• Disapprove of fatness
  • Say something that presumes that a fat person
    wants to lose weight
  • Say something that presumes fat people eat too
    much
  • Talk about being good and being bad in
    reference to eating

9
Assessing Your Behavior
  • Refer to good and bad food
  • Talk about your appearance
  • Admire slenderness
  • Talk about someone elses appearance
  • Admire excessive exercise
  • Talk about your weight
  • Talk about calories

10
Eating Disorders
  • Dieting___________________________________eating
    disorders
  • Eating Continuum
  • Flexible eating when you are hungry you eat,
    when full you stop.
  • Eating disorder chaotic, irregular eating as a
    coping mechanism, counting calories, exercising

11
Signs symptoms of disordered eating
  • Feeling guilty of what and when you eat.
  • Fat phobia
  • Skipping meals
  • Vomiting
  • Sneak eating
  • Fear of weight gain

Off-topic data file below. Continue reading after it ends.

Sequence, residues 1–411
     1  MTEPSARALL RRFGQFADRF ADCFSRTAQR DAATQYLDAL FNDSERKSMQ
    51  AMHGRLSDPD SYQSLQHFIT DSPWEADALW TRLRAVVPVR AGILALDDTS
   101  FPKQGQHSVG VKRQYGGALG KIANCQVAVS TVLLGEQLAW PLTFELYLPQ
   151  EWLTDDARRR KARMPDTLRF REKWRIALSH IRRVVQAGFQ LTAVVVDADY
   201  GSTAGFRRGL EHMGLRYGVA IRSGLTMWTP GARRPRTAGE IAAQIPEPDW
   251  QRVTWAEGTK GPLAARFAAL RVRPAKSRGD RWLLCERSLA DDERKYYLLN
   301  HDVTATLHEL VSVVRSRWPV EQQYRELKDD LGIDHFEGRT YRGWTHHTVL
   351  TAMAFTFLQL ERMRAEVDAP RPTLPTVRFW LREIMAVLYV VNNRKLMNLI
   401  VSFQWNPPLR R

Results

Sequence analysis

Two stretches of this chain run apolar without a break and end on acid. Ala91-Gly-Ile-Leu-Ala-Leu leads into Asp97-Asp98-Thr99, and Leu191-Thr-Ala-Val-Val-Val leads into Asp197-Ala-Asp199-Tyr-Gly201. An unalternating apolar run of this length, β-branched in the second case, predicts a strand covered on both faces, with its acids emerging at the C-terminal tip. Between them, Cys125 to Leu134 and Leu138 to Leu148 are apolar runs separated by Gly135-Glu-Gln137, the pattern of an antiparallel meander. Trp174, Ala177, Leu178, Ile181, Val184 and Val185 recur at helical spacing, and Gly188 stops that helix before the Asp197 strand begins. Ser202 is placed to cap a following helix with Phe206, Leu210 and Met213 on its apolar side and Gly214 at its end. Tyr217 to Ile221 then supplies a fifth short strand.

• Use of laxatives

12
On a Diet, Off a Diet
  • All diets have two things in common
  • A reduction in the number of calories that are
    eaten and
  • A lot of media hype
  • When you go off the diet, the weight returns.

13
The solid line shows the typical results of
weight-loss program participants in pounds. The
dotted line would be ideallose weight and keep
it off for years.
14
Body Mass Index (BMI)
What is your body mass index? ________ Body
Mass Index Categories 1924 Ideal weight, low-risk
2529 Overweight, moderate-risk 30 Obese,
high-risk
15
More Weight Loss Tips
  • Reduce total calories from food by 5001,000
    calories to lose 12 pounds per week.
  • Reduce dietary fat intake to less than 30 of
    your total energy intake.

16
Eat on the Defensive
  • Do nothing else while eating just enjoy your
    food. If you habitually watch TV while you eat,
    you might be tempted to eat each time you turn on
    the TV.
  • Stop eating when you are full. When you eat out,
    you dont have to try to get your moneys worth
    just because you are eating out. Take some home
    in a doggy bag.
  • Dont eat everything on your plate (even though
    your mother told you to). The last thing most of
    us need is to load a plate with food and eat
    everything on it.

17
Eat on the Defensive
  • When eating out, chose smaller portions or share
    your meal with someone. A couple of appetizers